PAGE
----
glen e. friedman
by Amber Fosse

Glen E. Friedman's captivating images demonstrate his remarkable eye for raw reality, talent and aesthetic beauty. One of this generation's most discerning photographers, Friedman has documented the epicenter of three of the most astonishing youth culture movements - skating, punk and Hip-Hop - like no one else.

Friedman's childhood was largely spent skating in the legendary West L.A. schoolyards of DogTown. His friends were beginning to be featured in skate magazines, but Friedman felt the images failed to capture skating's true essence. Though still in junior high school, he thought he could do better.

So he began shooting with his pocket Instamatic, eventually borrowing a 35 mm. A skater himself, he could shoot from a skater's point of view. As a daily participant in the scene, he could capture action the magazine photographers were missing. He witnessed Tony Alva's first frontside aerial, as it was perfected in the now legendary DogBowl, and got it on film.

In the fall of 1976, Friedman discovered an empty pool, and corralled Jay Adams, Paul Constatineau, and a few others into skating it so he could take pictures. He showed the results to C.R. Stecyk, a freelance SkateBoarder writer he met on the Kenter banks, who put the eighth-grader in touch with editor Warren Bolster. SkateBoarder published the first photos Glen ever submitted as a full-page subscription ad.

Music was integral to the scene, and Friedman began to shoot the gigs he and his friends attended. Glen was passionately loyal to his subjects, and relentlessly devoted to winning them exposure. Proto-punks such as Black Flag, Bad Brains, Minor Threat, Dead Kennedy's, Fugazi, and others received some of their first national and international media documentation through Friedman's work.

In 1983 Friedman produced Suicidal Tendencies first album which became the biggest selling hardcore punk album of the decade.

Friedman first met the Beastie Boys in 1981, when they were still a hardcore band, outside of the famed NYC venue CBGB. A few years later, he hooked up with them when they came to L.A. as wannabe rappers, to open for Madonna's "Like A Virgin" tour - showing them around town before anyone else cared to. After Friedman created some of the most memorable early Beastie photos ever on that trip, they linked him up with Rick Rubin and Russell Simmons.

By 1985, Friedman was photographing all the new Def Jam artists, and began doing street promotion for Run-DMC concerts. He created singles covers and posters, then shot, edited and designed the group's first world tourbook. He became a key member of Rush Productions and Def Jam Recordings, and relocated back to New York in 1987 at their request (he was raised on the East Coast until age 9).

"Inspiring people, with integrity and rebelliousness."
For the past quarter century, Friedman has been doing just that.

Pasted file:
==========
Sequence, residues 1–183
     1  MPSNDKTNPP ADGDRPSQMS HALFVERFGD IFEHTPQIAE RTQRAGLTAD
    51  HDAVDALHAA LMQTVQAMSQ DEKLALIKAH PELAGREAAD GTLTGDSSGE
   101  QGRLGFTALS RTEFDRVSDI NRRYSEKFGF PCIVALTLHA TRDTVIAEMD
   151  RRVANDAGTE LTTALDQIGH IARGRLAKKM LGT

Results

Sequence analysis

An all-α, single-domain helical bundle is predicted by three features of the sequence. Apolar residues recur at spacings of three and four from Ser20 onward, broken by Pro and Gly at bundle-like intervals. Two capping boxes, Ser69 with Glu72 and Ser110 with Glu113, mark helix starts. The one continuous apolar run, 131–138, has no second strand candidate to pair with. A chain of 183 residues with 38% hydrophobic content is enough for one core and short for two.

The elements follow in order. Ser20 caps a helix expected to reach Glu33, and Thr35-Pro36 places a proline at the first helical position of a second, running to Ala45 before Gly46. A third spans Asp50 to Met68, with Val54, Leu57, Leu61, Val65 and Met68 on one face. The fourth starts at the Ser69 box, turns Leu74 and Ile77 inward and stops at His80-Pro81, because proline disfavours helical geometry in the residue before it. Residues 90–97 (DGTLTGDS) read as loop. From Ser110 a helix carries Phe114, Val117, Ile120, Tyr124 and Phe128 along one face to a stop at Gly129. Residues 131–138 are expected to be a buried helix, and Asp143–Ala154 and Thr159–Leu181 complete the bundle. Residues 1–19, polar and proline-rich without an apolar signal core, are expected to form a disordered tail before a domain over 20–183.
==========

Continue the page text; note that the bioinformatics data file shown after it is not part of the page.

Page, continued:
- Los Angeles Times

His early documentation of Run-DMC, Public Enemy, Ice-T, L.L. Cool J and the Beasties brought Hip-Hop to a wider audience. His shots achieved fame as record covers: Minor Threat's Salad Days, Public Enemy's first two album covers, Ice-T's first four album covers, The Beastie Boys' Check Your Head, L.L. Cool J's Bad, Run-DMC's Walk This Way, and Slick Rick's Great Adventures, to name a few. Many of his photographs are recognized as the subjects' definitive portraits.

By 1994, Friedman had published Fuck You Heroes on his Burning Flags Press imprint. A collection of his work spanning 1976 to 1991, "Heroes" looked at the pioneering leaders of the skateboarding, punk and Hip-Hop subcultures. Its title, though offensive to some, signifies his subjects' heroic rejection of reactionary social standards. His second book, Fuck You Too: The Extras & More, was published in 1996.

The FUCK YOU ALL exhibition, combining photos from both books, brought Friedman's work to major cities around the world. Starting at the Institute of Contemporary Art in London, the exhibit went on to Sydney, Tokyo, Rome, Milan, Berlin, Stockholm, Chicago, Washington DC, Philadelphia, and most recently Los Angeles.

In 1998, Glen followed up with The Idealist: Twenty Years in My Eyes, which he considers the artistic summation of his photography from 1976 to 1996. Diverging greatly from his other work, The Idealist features images from around the world, ranging from the rough realities of violence to scenic landscapes, and a few selections from his more well-known skating and music files.

Glen's recent film credits, co-producer and creative consultant, barely touch on the major influence he had on the feature-length documentary DogTown and Z-Boys. At its Sundance premier, it won the audience choice award for Best Documentary. The companion book, DogTown - The Legend Of The Z-Boys, was co-authored with C.R. Stecyk, and edited and designed by Friedman. It includes all Stecyk's original DogTown articles from the 70's, and over a hundred pages of never-before-seen Friedman images, which he rediscovered during the making of the film.

A consummate artist and political activist, he shuns intoxicants, and follows a strict vegan diet.

Fringe cultural historian Craig Stecyk marvels at Glen's "propensity for repeatedly making once-in-a-lifetime hook-ups. He gets into stuff early, gets into it deep. He works it thoroughly, and he's out of it before other people are even hip to its existence."

By Amber Fosse. Photos courtesy of Glen E. Friedman

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